I was born in a small city called Nasiriyah in Iraq, which was the city of Ur in the times of the Sumerians, and which historians refer to as “The cradle of civilization”.

I was born to a very poor family. I used to sell Hummus and Fool on the streets after school hours,  but I was a big dreamer.

Afterwards I moved to Baghdad and started theater studies there. At that time the war between Iraq and Iran broke out and I was forced to flee the country and escape. Some may view me as a coward, others as a life-lover and you may feel free to perceive me any way you wish to.

I lived in Sweden for a while, then moved to Russia to finish my graduate studies in theater and got my master’s and doctorate degrees there. I went back to Sweden and have been living there ever since.

I participated and directed many plays, movies and TV shows. I managed to visit Iraq after the fall of Saddam Hussein, but I could not go back to live there for obvious reasons. I still travel and visit Iraq from time to time to see my family and friends and to create some TV shows.

I am a dreamer. I have many dreams like anybody else. My hope is that I will be able to fulfill them before I die.

I have been married twice and have been blessed to have a son and a daughter.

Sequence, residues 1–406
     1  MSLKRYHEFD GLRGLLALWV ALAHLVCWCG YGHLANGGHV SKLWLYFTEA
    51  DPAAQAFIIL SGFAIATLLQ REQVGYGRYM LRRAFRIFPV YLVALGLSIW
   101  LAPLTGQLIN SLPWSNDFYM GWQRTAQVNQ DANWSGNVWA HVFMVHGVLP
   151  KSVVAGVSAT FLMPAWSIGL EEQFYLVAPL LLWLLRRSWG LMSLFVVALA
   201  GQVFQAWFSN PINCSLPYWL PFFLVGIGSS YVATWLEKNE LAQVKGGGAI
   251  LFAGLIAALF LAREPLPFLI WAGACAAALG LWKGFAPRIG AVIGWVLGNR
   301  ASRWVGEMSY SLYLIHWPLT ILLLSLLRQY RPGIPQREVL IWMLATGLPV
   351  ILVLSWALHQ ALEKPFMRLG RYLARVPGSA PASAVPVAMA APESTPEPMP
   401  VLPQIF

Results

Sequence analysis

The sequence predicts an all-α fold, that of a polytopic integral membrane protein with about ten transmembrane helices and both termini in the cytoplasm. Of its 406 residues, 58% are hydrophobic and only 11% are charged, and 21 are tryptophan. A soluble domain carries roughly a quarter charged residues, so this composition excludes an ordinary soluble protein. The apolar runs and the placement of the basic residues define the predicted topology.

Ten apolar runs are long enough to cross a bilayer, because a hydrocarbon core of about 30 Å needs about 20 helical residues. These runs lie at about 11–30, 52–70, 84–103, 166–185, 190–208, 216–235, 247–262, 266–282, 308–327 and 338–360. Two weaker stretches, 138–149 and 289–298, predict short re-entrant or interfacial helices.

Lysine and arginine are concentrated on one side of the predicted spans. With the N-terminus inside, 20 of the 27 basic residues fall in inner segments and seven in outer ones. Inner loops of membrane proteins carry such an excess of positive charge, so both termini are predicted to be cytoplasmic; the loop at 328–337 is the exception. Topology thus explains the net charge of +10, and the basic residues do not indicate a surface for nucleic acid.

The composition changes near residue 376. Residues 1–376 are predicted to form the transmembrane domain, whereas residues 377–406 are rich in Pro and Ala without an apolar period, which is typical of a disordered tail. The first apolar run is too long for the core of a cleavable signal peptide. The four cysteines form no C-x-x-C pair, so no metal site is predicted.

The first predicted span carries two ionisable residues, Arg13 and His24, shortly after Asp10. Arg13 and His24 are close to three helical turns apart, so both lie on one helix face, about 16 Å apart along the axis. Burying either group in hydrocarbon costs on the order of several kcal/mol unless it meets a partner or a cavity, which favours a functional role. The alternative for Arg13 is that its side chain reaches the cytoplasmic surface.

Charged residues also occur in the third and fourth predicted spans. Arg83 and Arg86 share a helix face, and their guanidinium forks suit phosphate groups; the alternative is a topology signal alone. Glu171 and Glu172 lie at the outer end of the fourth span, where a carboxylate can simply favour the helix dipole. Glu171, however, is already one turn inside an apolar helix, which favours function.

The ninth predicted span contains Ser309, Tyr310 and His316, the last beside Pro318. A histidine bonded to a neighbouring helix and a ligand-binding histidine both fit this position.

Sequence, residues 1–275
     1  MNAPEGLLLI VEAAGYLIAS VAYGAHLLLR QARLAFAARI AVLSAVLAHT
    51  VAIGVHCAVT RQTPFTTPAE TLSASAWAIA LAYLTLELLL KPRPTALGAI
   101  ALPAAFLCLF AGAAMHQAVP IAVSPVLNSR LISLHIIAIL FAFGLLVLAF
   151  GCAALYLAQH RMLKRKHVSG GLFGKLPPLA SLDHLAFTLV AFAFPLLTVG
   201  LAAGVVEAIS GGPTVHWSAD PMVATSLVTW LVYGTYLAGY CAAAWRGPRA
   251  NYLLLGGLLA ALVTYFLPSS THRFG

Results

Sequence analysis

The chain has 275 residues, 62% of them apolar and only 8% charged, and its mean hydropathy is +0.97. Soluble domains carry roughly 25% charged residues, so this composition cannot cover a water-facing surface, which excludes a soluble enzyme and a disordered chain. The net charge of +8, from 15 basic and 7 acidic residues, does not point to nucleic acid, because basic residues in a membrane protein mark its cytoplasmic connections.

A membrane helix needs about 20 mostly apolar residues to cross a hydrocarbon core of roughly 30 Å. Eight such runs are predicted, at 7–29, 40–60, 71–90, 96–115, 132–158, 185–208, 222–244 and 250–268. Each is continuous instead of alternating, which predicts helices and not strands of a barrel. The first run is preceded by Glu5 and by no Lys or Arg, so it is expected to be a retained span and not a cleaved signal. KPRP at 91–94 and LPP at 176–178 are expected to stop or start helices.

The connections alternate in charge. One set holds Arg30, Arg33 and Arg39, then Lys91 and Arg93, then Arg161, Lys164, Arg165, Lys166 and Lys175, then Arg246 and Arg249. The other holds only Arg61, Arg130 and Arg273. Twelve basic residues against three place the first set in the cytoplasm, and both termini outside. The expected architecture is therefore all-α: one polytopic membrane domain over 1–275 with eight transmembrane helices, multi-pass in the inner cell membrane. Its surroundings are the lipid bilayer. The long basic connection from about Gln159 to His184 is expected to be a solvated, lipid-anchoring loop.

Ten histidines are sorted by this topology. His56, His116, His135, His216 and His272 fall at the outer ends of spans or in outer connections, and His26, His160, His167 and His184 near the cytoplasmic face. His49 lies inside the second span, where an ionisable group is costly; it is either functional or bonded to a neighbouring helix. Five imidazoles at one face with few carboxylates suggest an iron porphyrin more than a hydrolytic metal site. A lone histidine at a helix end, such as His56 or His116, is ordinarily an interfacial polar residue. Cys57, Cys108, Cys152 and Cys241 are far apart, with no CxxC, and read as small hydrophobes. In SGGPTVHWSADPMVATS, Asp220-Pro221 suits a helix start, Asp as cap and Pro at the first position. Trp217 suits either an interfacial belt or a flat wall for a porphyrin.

This is briefly who I am.

With my love and respect,

Your friend and brother in humanity,


Ayad Hwady


Yossi’s second response


Dear Ayad, 

It’s hard to believe how much the world has changed since we last exchanged letters. There is the feeling everywhere than anything — economic, social, political — can happen, from any direction. 

After reading something of your life story (and thank you for sharing that) I realize that you are no stranger to upheavals. Your story is inspiring in your ability to reinvent yourself in a time of crisis and to take full advantage of life to pursue your dream. I feel that that is what humanity must do now: take advantage of this time of crisis and reinvent ourselves, become something better than we’ve ever been — or else risk a total breakdown of civilization. 

I’m actually working on a book now which is about the ability of the Jewish people to survive through thousands of years of difficulty. It’s called “The Wisdom of Survival.” It feels strange to be sitting in my semi-quarantine and writing about survival, but really, what else is on everyone’s minds these days?

I feel that humanity will need guides in figuring out how to move to the next phase after this crisis. You, I feel, are one of those guides.

Michal tells me you’re planning a film about a Muslim and a Jew. I’d love to hear more about it. 

Let’s keep in touch. 

With blessings and love to you and your family —